Delpy said she was paid a tenth of her co-star Ethan Hawke’s salary in the 1995 sleeper hit. In the sequel “Before Sunset,” she was able to raise her pay to half of Hawke’s salary. For the final and third movie “Before Midnight,” she said she would not participate unless she was paid equally, a tactic that worked.
“It’s a very tough business, and it’s fine because I’m tough as hell, but it’s a cruel business,” she said to Variety about the film industry.
Delpy said reaching equal pay and raising the financing for movies was tough for female actors and directors, although she expressed hope that there is an improvement for the younger generation.
Richard Linklater, the director of the “Before” series, responded to Delpy’s Variety interview by releasing a statement acknowledging that the pay gap in Hollywood is a big issue. He defended himself by saying that Hawke was one of the biggest stars of his age and Delpy was still getting established in the US when the original movie was filming.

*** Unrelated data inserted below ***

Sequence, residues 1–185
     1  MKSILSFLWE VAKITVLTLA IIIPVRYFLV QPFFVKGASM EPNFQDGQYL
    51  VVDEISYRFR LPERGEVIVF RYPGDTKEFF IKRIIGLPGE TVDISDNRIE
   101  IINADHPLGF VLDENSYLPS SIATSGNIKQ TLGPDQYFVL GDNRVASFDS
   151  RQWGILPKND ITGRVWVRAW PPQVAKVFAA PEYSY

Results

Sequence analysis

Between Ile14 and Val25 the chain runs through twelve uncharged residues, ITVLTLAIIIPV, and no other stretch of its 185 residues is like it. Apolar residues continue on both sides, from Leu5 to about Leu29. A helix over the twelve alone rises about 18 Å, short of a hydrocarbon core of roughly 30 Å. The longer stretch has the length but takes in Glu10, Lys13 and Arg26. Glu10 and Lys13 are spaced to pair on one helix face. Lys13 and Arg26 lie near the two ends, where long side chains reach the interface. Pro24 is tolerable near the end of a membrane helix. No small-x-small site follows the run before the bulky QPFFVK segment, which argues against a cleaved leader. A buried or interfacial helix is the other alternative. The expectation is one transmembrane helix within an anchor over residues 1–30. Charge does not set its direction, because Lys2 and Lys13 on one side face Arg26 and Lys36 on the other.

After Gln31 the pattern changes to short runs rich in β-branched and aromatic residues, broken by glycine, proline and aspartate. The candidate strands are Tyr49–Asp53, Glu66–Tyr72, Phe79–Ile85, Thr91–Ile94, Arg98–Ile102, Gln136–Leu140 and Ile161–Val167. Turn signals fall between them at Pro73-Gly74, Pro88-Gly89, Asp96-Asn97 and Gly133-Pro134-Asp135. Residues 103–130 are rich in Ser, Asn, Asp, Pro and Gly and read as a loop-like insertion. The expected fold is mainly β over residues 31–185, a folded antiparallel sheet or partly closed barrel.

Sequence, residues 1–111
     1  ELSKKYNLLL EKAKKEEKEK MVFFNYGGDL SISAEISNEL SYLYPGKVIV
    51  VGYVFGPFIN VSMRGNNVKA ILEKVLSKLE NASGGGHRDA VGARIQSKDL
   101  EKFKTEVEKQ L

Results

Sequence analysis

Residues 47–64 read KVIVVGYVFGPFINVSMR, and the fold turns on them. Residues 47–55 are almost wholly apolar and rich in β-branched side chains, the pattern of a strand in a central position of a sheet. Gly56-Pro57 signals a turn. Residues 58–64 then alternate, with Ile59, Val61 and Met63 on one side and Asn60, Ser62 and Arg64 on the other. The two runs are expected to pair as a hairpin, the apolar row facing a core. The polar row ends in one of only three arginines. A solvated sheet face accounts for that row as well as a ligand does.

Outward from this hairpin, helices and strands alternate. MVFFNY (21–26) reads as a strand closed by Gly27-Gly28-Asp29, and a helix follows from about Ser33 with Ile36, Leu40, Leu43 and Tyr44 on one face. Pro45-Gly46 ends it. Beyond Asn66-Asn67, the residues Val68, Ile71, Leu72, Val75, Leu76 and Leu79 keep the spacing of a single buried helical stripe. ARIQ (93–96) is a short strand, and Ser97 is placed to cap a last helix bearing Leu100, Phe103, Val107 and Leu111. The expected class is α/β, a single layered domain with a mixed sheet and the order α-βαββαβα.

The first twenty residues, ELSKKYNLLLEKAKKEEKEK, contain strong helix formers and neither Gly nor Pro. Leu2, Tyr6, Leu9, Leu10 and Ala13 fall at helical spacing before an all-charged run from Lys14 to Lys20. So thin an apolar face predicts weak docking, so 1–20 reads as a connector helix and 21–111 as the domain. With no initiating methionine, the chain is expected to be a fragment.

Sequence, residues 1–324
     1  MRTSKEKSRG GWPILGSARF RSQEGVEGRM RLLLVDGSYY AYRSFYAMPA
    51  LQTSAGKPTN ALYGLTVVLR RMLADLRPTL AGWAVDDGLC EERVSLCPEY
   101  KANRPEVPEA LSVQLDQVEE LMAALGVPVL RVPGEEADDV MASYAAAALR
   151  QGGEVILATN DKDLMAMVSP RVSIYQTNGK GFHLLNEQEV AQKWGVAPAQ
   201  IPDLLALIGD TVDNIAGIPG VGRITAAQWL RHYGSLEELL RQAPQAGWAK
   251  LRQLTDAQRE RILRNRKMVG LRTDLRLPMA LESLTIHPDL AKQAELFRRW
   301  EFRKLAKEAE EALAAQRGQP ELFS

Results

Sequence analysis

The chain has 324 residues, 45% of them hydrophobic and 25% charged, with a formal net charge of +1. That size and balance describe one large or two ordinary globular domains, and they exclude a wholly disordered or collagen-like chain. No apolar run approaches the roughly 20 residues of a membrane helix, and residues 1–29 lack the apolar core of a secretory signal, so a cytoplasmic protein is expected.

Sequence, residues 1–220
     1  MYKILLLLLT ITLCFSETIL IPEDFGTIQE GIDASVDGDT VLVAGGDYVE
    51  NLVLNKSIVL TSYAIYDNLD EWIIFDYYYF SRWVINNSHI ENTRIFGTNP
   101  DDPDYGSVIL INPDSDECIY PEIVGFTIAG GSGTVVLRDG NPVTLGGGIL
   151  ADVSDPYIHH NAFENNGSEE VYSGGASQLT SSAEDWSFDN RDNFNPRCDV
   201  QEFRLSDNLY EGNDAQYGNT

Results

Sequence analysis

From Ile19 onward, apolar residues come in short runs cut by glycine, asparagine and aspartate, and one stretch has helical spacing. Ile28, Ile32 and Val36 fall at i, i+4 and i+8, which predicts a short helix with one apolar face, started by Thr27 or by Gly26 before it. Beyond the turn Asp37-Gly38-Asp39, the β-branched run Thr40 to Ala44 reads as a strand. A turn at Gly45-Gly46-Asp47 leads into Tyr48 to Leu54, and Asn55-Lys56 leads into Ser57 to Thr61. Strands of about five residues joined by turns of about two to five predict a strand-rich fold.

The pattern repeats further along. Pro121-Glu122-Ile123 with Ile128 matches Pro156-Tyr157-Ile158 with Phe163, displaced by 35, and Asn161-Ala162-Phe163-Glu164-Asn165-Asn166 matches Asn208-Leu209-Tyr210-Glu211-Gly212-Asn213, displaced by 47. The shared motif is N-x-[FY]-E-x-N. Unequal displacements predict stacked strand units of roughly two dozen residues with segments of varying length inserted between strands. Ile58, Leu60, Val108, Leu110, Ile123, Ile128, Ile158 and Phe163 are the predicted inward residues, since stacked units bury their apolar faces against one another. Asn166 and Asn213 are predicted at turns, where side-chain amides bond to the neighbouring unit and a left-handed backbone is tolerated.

Big name actresses routinely get paid less than their male co-stars, though. Michelle Willams in reshoots for “All the Money in the World” in 2017 got paid 1% of Mark Walhberg’s salary, according to USA Today. Wahlberg played a supporting role while Williams was a lead.
When the Sony hack happened, Jennifer Lawrence discovered that she was paid less than her male co-stars for her 2013 movie “American Hustle.” She wrote a 2015 essay in Lenny Letter, the now-defunct feminist newsletter, talking about her own struggles with the gender pay gap.
In 2017, Natalie Portman told Marie Claire that Ashton Kutcher got paid three times more than her in the 2011 rom-com “No Strings Attached.” Natalie Portman said that she knew and she should have been angrier.
“Compared to men, in most professions, women make 80 cents to the dollar. In Hollywood, we are making 30 cents to the dollar,” said Portman.